Monday, October 3, 2011
Patterns and antipatterns in automation (part 2 of 3-4 parts)
For a product with significant impact, a pattern is writing test automation in the same language as the product (for Java) or the same framework as the product (for .Net). An antipattern is scripting some other, lighter-weight language.
If test automation is written in a different language than the product, then testers are distanced from the product code enough that they don’t have anything to say about it; it’s not their domain. But, product code is usually a good example to follow when writing good, robust, extensible test code. Today at work I entered two significant bugs in product code that I wouldn’t have been able to do if I weren’t continually up with the languages used in the product (a grammar of XML, and C#).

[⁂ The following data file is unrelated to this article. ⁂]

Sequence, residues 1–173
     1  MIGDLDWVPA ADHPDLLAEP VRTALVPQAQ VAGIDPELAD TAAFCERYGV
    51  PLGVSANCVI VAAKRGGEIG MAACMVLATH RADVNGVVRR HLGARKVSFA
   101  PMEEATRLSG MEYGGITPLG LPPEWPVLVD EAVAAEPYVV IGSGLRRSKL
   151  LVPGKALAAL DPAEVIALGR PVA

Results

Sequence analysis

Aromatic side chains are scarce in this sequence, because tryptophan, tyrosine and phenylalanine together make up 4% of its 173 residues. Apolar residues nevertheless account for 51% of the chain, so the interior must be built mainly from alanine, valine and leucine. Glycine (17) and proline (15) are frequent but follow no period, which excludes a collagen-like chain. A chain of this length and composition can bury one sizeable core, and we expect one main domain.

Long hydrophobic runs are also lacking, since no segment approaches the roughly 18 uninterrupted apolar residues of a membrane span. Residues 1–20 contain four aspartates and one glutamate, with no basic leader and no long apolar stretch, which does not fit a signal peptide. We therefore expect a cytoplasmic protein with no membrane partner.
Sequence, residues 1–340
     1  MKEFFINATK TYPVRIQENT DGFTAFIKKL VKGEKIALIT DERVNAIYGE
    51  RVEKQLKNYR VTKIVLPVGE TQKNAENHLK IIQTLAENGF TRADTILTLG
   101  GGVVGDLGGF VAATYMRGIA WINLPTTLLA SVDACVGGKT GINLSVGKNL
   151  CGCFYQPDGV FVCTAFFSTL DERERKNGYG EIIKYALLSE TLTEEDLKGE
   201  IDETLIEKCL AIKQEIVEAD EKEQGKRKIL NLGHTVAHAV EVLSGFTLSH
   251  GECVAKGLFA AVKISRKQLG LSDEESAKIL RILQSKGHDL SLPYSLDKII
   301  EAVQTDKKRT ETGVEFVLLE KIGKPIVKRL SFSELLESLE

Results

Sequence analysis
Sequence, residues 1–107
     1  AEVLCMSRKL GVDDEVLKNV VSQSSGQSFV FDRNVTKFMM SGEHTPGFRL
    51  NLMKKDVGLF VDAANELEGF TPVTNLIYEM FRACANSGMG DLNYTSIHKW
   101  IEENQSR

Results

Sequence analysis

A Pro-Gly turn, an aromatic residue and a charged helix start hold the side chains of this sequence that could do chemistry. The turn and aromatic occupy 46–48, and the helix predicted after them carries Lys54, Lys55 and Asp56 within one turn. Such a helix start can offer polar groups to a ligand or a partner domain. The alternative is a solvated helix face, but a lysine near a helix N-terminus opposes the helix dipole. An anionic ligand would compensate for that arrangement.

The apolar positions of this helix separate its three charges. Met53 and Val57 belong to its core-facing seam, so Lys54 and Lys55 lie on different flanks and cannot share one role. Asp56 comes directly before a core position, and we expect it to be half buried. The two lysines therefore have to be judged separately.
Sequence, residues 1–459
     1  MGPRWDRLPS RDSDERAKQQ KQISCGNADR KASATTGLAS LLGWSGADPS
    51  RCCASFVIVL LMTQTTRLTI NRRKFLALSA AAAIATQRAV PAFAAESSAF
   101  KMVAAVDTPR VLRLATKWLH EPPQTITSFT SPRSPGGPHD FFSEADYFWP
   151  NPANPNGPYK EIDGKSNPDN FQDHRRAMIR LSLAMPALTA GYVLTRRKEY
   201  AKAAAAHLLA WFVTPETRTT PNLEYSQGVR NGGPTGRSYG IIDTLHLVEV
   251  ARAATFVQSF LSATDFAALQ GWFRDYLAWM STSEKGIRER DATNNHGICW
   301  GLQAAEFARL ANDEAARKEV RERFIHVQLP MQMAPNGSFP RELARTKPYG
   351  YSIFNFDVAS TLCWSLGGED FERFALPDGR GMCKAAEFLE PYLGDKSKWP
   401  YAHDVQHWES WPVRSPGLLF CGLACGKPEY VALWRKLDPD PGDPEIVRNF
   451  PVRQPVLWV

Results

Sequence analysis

Another reason for having the test code in the same language (or framework) as the product is that you know that no information is lost with remote calls or exceptions rolling up the stack: the stack is the same through product and test code, and the test code can handle product exceptions if that’s called for in the test.
The barrier to entry with C# is actually quite low; a dev can help, and testers don’t need to get fancy with lambda expressions, delegates and partial class declarations. If a tester were to create robust, extensible, OO code anyway, a powerful language is needed.
I’ve seen many problems with interfacing a script language or GUI test framework with a compiled OO language: awkwardness of error handling or verification, dropped information, limited design choices…
What do you think? Do you have a favorite language or framework for test automation, that’s different than the product language?
Topic to be continued tomorrow …